A Psychological Study of the Sacred in Metal Music Culture

  • Kyle Messick

    Student thesis: Doctoral ThesisDoctor of Philosophy


    The sacred is a quality pertaining to individual and collective systems of meaning (Knott, 2013), which is distinct from the ordinary or mundane (Durkheim 1976/1912), and is characterized by a sense of specialness or pricelessness (Taves, 2009). Through their connection to the sacred, individuals experience a range of benefits, such as finding meaning and dealing with uncertainty in life. Despite an increased interest among psychologists on the functions, effects, and loss of the sacred, the topic has seldom been explored outside of religious contexts. The aim of this thesis is to rectify this gap by exploring the sacred within a specific secular context: metal music culture.
    This thesis has 3 main aims: 1) to assess the secular sacred as a special affective and cognitive experience that is distinct from what is merely good or enjoyable; 2) to study how this secular sacred experience fulfils similar psychological needs to the religious sacred, including its ability to influence levels of affect, empathy, and prosociality; and 3) to test for the potential negative impact of the secular sacred, when loss or desecration occur, within metal culture. Three studies were conducted to accomplish these goals. Metal music culture was chosen to investigate the sacred within a secular context because it might function like a religion, given its ability to provide meaning, cultural identity, rituals, and a sense of belonging (Moberg, 2012), thus making it a good candidate to explore the role of the sacred outside of religious contexts.
    The first study sought to identify the some of the most prominent sacred-like aspects of metal music culture (music, behaviours, cultural artefacts, and people), and found that higher levels of commitment to the metal worldview were associated with a stronger metal identity, greater engagement in metal cultural behaviours, and greater perception of prominent metal cultural figures as sacred-like. In addition to this, it was found that the affective importance of metal music was dependent on the type of metal and its consistency with subgenre-based metal identity. Findings from the first study also laid the groundwork for understanding music cultures outside of the context of the sacred, such as by exploring the role of personality and moral reasoning in music preferences. The second study, which contrasted metal music stimuli with the most popular non-metal style of music for metal fans (hard rock), found that preferred metal music was seen as more sacred to the self, more sacred to the community, promoted higher levels of positive affect, and was significantly associated with higher levels of psychological needs fulfilment and prosocial behavioural intentions. No differences were found between the two music styles and their influence over empathy and negative affect. The third study used sacred metal artefacts to test for a potential negative experience of the sacred, focusing on loss and desecration. Its findings broadly replicated previous work that found that appraising a loss as sacred results in feelings of anxiety and depressive symptoms (Pargament, Benore, & Mahoney, 2005). Similarly, it was also found that desecrated or violated metal objects resulted in significantly higher levels of anger, when compared to sacred loss without desecration or non-sacred loss.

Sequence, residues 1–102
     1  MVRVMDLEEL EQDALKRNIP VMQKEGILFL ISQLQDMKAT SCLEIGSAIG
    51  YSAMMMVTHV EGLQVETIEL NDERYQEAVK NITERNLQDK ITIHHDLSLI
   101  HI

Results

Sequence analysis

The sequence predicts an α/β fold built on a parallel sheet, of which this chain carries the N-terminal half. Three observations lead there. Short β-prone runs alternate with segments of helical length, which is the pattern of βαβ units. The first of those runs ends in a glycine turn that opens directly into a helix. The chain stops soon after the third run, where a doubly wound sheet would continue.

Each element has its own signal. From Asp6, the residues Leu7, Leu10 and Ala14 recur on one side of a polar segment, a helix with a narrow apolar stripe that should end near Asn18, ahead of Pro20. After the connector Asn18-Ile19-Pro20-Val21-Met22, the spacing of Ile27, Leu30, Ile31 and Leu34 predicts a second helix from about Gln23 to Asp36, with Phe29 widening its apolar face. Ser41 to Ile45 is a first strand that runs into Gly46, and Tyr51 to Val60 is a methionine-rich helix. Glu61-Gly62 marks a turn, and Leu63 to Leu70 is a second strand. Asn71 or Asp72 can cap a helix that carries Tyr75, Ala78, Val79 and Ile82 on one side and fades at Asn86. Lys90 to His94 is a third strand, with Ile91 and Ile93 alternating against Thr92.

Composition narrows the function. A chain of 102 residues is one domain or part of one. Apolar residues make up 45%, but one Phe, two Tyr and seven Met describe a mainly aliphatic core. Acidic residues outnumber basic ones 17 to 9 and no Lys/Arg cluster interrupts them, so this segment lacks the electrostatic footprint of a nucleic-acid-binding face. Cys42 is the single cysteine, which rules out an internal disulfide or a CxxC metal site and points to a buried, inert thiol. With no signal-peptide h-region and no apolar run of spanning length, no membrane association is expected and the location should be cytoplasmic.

This thesis provides some of the earliest evidence that secular communities, such as those encompassed by metal worldviews, endow its music and artefacts with emotive and cognitive qualities similar to those of the religious sacred, and that these may likewise shape individuals’ experiences positively and negatively — effects known to occur with one’s attachment to sacred religious sources. I conclude by discussing the implications of this work for the psychological study of religion and metal studies.
    Date of AwardFeb 2020
    Original languageEnglish
    Awarding Institution
    • Coventry University
    SupervisorMiguel Farias (Supervisor) & Jonathan Jong (Supervisor)

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